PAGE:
Skip to main content

Sergio's win popular among peers, catalyst for Westy?

Getty Images

HILTON HEAD ISLAND, S.C. – Sergio Garcia’s story has always been etched into his expressive face, be it in good times or bad.

When the Spaniard is playing well he exudes an air of confidence that one would expect from arguably the game’s best ball-striker. And when things aren’t going to plan, be it as a result of his own game or the unflinching hand of fortune, the story is there for the world to see in the form of slumped shoulders or a petulant gaze.

Those who know Garcia the best have seen it all, which is what made Sunday’s final round at the Masters so compelling.

“We’ve seen it in the past, he has his head down when something hasn’t gone his way or hit a bad shot and he wasn’t able to recover and get past that,” said Luke Donald of the resilience that finally pushed Garcia over the Grand Slam hurdle. “It just seemed like nothing was going to phase him this time.”

For Donald, the man who overcame a two-stroke deficit early on the back nine to force a playoff against Justin Rose was the best of Garcia. The Englishman should know - he’s had a front-row seat to this show for years as Garcia’s regular partner at the Ryder Cup.

In 2006, the two Europeans paired together to take down American giants Tiger Woods and Jim Furyk, 2 up, in the first foursomes session; and Phil Mickelson and David Toms, 2 and 1, during Saturday’s alternate-shot frame. All total, Garcia and Donald are 5-1-0 as partners at the biennial matches, which made Garcia’s pedestrian record in the majors that much more baffling.

“There’s not too many golfers that I play with that have as much talent as Sergio,” Donald said on Tuesday at the RBC Heritage. “He’s just naturally born and gifted. I was a little surprised it hadn’t happened sooner, but it just shows how tough and fickle this game is.”

But then Donald, who once ascended to No. 1 in the World Golf Ranking but has never won a major, understands as well as anyone how difficult it is to win one of the game’s most coveted titles, even for a player as talented as Garcia.

They may be competitors, but on occasions like Sunday at Augusta National the likes of Donald become fans who understand what it means to a player like Garcia to finally win a major after all these years.

“The game perhaps owed him one, but this game doesn’t pay its debts hardly ever,” Graeme McDowell said. “It was hard not to root for Sergio.”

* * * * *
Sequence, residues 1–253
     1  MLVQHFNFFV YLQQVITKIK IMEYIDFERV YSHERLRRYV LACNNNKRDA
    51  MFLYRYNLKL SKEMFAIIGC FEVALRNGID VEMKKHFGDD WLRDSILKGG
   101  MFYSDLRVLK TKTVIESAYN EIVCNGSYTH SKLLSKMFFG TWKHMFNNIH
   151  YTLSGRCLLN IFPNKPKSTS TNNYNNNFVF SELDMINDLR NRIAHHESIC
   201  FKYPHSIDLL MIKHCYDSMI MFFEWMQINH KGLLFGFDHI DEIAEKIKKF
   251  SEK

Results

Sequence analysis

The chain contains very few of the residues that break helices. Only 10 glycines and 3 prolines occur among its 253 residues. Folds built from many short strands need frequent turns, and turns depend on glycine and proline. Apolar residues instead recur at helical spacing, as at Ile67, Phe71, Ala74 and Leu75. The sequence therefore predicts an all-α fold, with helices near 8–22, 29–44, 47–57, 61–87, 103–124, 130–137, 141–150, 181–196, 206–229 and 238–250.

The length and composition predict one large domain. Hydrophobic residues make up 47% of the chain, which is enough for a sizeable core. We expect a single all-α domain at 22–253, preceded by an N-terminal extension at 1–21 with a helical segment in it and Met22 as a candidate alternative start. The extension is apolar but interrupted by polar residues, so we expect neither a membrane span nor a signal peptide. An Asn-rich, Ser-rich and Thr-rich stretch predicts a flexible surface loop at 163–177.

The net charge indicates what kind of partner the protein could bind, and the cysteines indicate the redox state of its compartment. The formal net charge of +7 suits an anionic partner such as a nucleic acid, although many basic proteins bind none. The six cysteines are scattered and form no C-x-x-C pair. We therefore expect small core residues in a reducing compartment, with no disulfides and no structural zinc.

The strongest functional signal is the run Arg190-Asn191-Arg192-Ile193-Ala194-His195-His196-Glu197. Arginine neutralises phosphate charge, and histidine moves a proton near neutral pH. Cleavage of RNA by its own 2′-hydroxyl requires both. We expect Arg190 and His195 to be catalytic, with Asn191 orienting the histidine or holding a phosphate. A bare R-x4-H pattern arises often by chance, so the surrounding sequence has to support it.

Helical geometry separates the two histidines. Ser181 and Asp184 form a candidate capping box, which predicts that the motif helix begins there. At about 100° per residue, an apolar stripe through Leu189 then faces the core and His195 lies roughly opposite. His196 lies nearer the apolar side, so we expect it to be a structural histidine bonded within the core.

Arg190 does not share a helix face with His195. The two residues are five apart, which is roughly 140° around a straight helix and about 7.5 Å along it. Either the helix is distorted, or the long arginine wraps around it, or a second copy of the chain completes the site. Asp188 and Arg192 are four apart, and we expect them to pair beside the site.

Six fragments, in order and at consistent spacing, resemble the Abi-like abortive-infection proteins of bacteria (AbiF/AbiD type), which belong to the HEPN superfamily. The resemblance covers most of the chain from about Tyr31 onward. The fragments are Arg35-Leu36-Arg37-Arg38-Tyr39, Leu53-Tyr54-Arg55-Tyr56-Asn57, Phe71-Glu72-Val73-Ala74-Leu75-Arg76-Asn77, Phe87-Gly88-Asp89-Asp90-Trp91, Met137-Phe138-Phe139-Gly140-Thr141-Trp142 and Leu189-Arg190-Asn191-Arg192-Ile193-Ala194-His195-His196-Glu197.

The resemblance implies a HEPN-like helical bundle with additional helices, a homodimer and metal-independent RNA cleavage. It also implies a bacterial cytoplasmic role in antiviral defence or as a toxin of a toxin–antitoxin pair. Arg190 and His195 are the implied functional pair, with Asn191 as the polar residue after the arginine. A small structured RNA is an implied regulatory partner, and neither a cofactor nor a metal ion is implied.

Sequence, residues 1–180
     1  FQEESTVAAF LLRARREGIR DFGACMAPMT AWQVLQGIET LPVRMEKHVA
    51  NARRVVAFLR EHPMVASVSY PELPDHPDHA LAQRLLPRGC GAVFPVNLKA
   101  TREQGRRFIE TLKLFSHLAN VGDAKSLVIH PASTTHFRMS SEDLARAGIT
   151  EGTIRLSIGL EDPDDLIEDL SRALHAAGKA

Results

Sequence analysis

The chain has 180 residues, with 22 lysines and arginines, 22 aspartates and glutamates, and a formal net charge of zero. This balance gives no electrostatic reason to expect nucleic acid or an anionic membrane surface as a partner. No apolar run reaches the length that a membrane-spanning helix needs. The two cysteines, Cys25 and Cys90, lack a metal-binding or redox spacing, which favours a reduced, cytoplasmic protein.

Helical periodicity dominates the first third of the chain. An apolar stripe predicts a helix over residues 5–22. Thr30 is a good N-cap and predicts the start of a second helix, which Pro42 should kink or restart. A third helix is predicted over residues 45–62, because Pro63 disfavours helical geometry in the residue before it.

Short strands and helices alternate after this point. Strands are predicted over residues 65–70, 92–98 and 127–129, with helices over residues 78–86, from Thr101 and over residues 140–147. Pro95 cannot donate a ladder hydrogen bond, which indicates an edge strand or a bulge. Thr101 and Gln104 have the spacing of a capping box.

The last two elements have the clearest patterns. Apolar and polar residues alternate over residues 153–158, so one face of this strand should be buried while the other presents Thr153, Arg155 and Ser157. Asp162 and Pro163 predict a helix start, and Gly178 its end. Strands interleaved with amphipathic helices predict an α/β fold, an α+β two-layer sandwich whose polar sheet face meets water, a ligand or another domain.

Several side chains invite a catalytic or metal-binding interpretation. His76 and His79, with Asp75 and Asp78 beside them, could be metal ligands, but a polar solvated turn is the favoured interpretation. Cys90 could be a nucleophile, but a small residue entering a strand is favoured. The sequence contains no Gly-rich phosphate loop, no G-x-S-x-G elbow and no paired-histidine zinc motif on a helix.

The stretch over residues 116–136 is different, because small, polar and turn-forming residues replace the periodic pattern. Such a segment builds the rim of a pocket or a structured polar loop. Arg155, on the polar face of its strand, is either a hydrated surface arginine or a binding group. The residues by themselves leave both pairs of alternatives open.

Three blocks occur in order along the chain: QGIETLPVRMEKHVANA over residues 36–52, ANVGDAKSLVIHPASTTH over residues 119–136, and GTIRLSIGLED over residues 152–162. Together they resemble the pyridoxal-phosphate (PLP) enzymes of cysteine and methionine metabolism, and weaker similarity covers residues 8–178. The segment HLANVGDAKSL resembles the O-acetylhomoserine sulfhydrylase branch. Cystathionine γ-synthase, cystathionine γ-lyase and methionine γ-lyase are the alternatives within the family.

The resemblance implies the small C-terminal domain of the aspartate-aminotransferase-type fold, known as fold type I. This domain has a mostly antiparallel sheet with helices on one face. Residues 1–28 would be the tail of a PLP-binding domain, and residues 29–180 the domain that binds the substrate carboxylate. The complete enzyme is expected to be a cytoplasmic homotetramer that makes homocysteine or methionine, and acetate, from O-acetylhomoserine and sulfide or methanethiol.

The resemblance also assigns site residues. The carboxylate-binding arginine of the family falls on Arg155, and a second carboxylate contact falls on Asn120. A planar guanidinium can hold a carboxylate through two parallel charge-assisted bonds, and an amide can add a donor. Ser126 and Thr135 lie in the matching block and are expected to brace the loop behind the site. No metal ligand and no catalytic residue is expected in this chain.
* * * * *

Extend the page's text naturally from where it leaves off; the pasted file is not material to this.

McDowell listened to Sunday’s round on the radio on his way to this week’s event in South Carolina with a mix of enjoyment and curiosity. Having won his major at the 2010 U.S. Open, McDowell wondered what emotions go through a player’s mind in situations like this when he’d come up short on so many occasions.

“I don’t know how he felt about it having come so close so many times. What does that do to a guy?” McDowell asked. “At what point do you say, this isn’t meant to be for me? It becomes difficult. I guess the monkey becomes bigger and bigger.”

The Masters was Garcia’s 74th major start and he’d finished inside the top 10 on 22 occasions, including runner-up showings at the 2007 and ’14 Opens and ’99 and ’08 PGA Championships. Hard luck doesn’t begin to describe Garcia’s Grand Slam resume, which certainly wouldn’t have gotten any easier had he not delivered on Sunday.

“If he didn’t get it done it would have been really tough, this one,” Carl Pettersson said. “At that age, the door isn’t closed but it’s close when you get toward 40.”

While players like Pettersson and McDowell watched Sunday’s action with the interest of a fan, others probably took a more personal interest in Garcia’s accomplishment. Players like Lee Westwood, who at 43 is still looking to win his first major championship after a similar career in the majors defined by painful near misses.

“I was thinking about Westwood as a I watched and was thinking what this could do to his mentality?” McDowell said. “You see another guy do something, I wouldn’t be surprised if he won at Royal Birkdale [site of the Open] this year. Just that little something that kicks off in the back of your brain – maybe we can do it.”

But most of all, Garcia’s colleagues enjoyed an accomplishment that was nearly two decades in the making. “It meant so much to him, you could see it in his face,” Donald smiled.

You always can.